A historian reminds us that, much as the sitting administration might think otherwise, we’re all in this together.
If Americans knew or cared to know anything about history, the notion that “American exceptionalism” is misguided would be self-evident. Because we live in a time of historical amnesia, however, this critique by Bender (Humanities/New York Univ.; The Unfinished City, 2002, etc.) has its uses, particularly as a touchstone for the authors of historical textbooks, who could use the reminder that the U.S. is one nation among many. Bender begins on a Heisenbergian note: “the nation cannot be its own historical context,” he declares. Yet for too long, historians have been teaching American history as if the nation were indeed “a self-contained carrier of history,” somehow immune from the usual historical processes and problems. That said, he goes on to work out some far-ranging themes, observing, for instance, that the American Revolution was played out on a world stage and can be viewed as an episode in the global conflict between England and France that went on for nearly 130 years; provocatively, he notes in this connection that the Treaty of Paris was a powerful impetus for the development of the U.S. Constitution, if only because so much political power lay vested in the individual states that the new national government really didn’t have any basis for agreeing to that treaty’s terms. The winner writes history, of course, and Bender knows that full well; he remarks in passing that the American empire has been a long time in the coming and relies today on the same justifications as were advanced for it two centuries ago—and ones that tied in to other nationalisms, and other empires, elsewhere.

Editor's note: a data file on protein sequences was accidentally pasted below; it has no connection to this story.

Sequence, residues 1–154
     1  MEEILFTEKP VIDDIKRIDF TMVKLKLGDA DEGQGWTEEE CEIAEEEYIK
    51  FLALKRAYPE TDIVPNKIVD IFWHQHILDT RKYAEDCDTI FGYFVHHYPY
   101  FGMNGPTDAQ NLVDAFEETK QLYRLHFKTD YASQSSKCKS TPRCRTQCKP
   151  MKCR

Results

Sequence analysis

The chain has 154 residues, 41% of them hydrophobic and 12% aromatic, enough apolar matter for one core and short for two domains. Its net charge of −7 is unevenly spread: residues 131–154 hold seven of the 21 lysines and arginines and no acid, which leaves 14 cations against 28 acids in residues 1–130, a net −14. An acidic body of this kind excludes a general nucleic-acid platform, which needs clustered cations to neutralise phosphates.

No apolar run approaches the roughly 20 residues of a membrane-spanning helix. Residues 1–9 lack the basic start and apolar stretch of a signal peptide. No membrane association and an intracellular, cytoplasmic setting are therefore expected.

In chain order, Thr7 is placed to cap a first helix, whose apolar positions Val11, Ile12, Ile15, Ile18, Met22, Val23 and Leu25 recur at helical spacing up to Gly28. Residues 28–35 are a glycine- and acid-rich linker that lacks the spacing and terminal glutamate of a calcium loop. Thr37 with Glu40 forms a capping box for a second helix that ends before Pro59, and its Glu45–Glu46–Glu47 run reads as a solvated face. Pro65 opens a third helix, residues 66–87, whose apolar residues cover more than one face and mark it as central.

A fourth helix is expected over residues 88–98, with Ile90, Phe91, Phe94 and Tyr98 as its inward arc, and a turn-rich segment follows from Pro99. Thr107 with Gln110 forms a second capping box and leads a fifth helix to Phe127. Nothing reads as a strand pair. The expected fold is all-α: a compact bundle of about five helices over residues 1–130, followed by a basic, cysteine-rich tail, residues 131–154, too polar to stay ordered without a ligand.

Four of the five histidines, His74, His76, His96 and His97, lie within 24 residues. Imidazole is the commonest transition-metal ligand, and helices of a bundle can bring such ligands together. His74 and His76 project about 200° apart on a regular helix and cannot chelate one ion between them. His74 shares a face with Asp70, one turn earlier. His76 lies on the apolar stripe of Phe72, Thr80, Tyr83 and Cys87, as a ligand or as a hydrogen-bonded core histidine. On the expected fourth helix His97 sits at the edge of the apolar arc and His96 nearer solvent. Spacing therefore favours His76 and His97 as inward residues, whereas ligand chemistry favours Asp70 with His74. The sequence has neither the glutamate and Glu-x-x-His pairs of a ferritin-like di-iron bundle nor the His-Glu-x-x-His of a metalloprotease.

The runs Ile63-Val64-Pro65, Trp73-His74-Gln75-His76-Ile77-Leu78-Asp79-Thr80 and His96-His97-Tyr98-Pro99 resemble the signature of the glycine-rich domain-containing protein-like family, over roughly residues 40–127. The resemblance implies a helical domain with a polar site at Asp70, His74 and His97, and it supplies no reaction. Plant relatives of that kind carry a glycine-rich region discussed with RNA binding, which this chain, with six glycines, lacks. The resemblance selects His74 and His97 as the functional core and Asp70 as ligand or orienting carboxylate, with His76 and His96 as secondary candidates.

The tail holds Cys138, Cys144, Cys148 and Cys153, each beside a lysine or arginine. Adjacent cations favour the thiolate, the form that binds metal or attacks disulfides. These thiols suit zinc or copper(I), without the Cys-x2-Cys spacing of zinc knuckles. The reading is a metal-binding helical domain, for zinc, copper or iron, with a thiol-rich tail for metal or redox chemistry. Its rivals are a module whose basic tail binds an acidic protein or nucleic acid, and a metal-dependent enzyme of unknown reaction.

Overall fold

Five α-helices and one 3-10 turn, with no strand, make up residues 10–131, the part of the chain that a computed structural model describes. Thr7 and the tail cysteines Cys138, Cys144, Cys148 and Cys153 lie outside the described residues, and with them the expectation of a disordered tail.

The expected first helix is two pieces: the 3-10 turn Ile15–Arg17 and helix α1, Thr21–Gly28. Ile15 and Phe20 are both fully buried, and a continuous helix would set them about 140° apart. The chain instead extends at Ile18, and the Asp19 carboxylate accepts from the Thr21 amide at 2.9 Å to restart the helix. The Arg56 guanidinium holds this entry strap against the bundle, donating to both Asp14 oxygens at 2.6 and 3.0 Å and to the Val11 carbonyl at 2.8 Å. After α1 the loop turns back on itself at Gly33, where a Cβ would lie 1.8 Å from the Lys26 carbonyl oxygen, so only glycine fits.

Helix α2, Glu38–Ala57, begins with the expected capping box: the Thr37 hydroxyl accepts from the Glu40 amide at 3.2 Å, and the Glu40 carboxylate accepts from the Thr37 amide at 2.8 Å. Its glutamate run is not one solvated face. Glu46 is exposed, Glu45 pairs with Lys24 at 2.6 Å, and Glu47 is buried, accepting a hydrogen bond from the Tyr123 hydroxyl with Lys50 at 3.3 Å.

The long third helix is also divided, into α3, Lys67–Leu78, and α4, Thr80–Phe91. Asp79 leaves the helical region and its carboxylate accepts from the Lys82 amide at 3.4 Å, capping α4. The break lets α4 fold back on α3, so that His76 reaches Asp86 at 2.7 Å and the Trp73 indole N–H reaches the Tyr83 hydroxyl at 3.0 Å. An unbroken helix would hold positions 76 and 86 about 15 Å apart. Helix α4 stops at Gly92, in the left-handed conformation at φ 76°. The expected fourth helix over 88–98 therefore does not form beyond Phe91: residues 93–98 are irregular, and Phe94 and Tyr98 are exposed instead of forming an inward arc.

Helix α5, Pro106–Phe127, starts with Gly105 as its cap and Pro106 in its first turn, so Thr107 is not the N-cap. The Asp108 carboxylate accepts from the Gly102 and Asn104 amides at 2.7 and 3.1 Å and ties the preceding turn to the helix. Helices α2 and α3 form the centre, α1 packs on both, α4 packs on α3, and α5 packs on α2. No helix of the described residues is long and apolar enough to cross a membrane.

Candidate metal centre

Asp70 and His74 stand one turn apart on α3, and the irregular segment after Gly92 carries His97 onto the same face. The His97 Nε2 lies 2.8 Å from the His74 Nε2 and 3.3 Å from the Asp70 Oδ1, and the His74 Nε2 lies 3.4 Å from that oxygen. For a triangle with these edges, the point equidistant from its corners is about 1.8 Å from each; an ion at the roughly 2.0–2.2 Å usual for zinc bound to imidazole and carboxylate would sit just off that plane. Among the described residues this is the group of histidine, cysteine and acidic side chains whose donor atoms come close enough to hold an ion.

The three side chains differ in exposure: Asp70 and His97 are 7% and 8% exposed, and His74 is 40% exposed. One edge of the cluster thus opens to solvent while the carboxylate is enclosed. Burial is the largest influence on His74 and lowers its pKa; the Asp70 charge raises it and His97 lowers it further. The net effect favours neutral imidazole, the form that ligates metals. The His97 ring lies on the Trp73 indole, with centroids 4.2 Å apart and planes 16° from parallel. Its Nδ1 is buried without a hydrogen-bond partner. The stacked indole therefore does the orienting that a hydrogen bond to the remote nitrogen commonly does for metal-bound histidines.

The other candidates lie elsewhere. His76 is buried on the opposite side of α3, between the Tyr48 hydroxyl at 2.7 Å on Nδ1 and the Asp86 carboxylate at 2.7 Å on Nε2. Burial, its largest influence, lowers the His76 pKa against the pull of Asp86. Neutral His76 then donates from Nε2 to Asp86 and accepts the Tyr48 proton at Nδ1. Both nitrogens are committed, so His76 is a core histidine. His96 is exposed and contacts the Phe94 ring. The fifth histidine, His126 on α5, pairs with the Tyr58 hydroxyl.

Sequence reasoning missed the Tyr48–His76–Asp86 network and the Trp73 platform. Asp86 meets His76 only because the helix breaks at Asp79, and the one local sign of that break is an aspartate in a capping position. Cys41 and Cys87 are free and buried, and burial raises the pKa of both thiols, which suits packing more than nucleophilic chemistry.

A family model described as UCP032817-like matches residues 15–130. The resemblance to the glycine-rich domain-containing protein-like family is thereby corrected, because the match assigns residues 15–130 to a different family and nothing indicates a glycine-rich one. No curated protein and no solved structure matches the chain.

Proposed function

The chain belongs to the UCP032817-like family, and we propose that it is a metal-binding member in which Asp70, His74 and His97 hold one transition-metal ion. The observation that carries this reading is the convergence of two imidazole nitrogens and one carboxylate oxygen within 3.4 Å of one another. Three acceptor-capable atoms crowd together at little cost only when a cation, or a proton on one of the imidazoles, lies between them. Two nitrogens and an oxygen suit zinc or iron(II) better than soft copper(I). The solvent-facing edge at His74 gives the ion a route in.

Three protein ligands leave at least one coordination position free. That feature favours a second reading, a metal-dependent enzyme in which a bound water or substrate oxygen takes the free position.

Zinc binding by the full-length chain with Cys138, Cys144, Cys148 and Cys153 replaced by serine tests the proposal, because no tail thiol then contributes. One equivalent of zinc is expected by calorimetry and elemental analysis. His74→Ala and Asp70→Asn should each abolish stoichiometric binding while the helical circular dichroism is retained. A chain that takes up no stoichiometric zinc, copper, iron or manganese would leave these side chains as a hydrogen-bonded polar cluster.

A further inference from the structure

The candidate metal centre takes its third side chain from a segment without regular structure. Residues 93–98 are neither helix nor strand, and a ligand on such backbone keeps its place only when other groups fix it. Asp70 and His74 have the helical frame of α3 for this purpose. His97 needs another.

A useful argument against exceptionalist cant, if perhaps one unlikely to carry the day in a jingoistic age.